Popular Science Monthly/Volume 27/June 1885/Use of Sulphurous Disinfectants



AMONG the most convenient and efficacious substances to be used for purposes of disinfection are sulphurous acid and bisulphide of carbon. The question of the merits of these substances and the advantages of using them was recently considered, in the "Journal de Pharmacie et de Chimie," by M. Alfred Riche, who said: "M. Dujardin-Beaumetz recently requested the concurrence of MM. Pasteur and Roux in instituting new experiments on the value of disinfectants, and has just published the results of the same in the 'Bulletin' of the Academy of Medicine. Two rooms of about a hundred cubic metres capacity were selected in the wooden barracks attached to the hôpital Cochin. The walls of these rooms, made of jointed planks, gave passage to the air through numerous cracks, although the precaution had been taken of stopping the larger ones with paper. Each of the rooms was furnished with a bed, the usual furniture, and cloths of different colors. Bromine, chlorine, and sulphate of nitrosyle were successively rejected. Three sources of sulphurous acid were experimented upon—the combustion of sulphur, liquefied sulphurous acid, and the combustion of bisulphide of carbon. The room was closed for twenty-four hours. Tubes containing culture-infusions sowed with different proto-organisms, especially the comma microbe described by Koch, were placed in rooms, together with tubes containing vaccine lymph. After each experiment the tubes were taken to M. Pasteur's laboratory, and there compared with other tubes used as tests. The process of the combustion of sulphur is the simplest and cheapest. To perform this combustion, it is sufficient to set on the floor a sheet-iron plate—a large potsherd on the ground gives a satisfactory result on which is placed a furnace of bricks and mortar, or better, one of those small, nearly square furnaces of fire-clay recommended by M. Pasteur, twenty-five centimetres long and twenty centimetres wide, and having the sides pierced with air-holes. To obtain a complete combustion of the flowers of sulphur, it is necessary to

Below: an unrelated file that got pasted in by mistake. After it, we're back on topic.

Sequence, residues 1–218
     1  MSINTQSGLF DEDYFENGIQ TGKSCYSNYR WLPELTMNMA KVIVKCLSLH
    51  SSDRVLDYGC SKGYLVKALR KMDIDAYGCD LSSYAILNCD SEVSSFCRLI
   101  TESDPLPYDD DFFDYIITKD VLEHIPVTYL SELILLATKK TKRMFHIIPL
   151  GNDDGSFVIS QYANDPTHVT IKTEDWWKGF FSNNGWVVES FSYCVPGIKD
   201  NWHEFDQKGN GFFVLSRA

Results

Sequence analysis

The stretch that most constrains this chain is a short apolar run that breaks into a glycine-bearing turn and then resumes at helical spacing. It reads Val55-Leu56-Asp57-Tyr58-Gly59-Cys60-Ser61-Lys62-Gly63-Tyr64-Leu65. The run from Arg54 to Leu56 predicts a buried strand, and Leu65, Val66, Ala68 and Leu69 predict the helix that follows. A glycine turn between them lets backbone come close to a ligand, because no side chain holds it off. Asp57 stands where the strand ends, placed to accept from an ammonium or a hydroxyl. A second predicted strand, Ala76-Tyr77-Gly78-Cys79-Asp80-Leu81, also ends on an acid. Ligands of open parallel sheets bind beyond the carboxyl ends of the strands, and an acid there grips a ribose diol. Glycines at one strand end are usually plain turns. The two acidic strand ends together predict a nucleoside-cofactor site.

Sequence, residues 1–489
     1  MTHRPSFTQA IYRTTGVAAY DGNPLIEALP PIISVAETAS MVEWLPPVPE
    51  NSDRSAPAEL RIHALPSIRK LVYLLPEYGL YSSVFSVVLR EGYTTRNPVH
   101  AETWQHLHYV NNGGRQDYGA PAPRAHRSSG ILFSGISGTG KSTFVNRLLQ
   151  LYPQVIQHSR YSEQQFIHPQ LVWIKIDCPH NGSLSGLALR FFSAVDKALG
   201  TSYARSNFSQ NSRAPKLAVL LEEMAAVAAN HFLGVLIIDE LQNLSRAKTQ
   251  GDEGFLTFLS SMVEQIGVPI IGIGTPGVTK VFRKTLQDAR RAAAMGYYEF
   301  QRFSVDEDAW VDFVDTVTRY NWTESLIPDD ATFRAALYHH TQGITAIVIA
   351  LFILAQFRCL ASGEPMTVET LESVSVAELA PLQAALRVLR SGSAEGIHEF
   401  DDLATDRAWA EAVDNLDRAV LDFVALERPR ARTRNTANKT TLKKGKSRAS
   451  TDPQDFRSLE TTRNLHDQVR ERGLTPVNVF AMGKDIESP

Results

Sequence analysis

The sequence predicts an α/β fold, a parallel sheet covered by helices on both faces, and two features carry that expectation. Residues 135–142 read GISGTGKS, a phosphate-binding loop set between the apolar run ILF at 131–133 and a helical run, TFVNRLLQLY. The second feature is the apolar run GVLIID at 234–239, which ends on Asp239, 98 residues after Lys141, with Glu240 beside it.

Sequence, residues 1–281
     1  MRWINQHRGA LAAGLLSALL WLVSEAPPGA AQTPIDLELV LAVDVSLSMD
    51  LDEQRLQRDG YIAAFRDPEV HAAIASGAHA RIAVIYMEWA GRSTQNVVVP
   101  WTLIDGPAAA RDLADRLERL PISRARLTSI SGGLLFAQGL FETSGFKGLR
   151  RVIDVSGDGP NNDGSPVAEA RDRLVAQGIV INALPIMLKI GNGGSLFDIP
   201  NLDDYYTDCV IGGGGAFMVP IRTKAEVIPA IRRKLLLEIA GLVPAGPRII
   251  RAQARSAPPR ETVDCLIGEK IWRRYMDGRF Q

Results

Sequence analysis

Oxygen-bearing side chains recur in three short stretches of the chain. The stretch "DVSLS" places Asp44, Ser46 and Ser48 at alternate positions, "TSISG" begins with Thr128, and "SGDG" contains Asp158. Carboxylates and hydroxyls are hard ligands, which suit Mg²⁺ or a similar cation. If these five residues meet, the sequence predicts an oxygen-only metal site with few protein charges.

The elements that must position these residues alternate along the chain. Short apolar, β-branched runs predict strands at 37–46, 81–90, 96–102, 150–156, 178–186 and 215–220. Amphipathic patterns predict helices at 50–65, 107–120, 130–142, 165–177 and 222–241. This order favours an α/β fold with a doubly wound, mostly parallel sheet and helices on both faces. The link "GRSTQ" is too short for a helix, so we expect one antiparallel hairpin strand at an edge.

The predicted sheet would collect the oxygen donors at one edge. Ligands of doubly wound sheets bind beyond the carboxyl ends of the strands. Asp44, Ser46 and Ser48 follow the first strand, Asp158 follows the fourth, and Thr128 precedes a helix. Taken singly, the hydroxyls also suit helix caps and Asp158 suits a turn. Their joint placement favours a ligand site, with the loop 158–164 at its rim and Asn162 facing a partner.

Fig. 1.—Burner for Sulphur.

take care that the whole surface be evenly burned; this may be effected by wetting the sulphur with alcohol and inflaming the alcohol. By this method we can burn completely and absolutely as large a quantity as forty or fifty grammes per cubic metre of flowers of sulphur. With twenty grammes per cubic metre, all of the culture-infusions experimented upon were sterilized, except the one containing the carbuncular (anthrax) bacteria. The activity of the vaccine virus was destroyed. The only probable inconveniences involved in the application of this economical process arise from the danger of fire in case the furnace is badly constructed, and from the liability of the metallic objects that may be present to be tarnished. This may take place from particles of the burning element flying around the room, and, settling on articles of copper and iron, covering them with a sulphurous coating.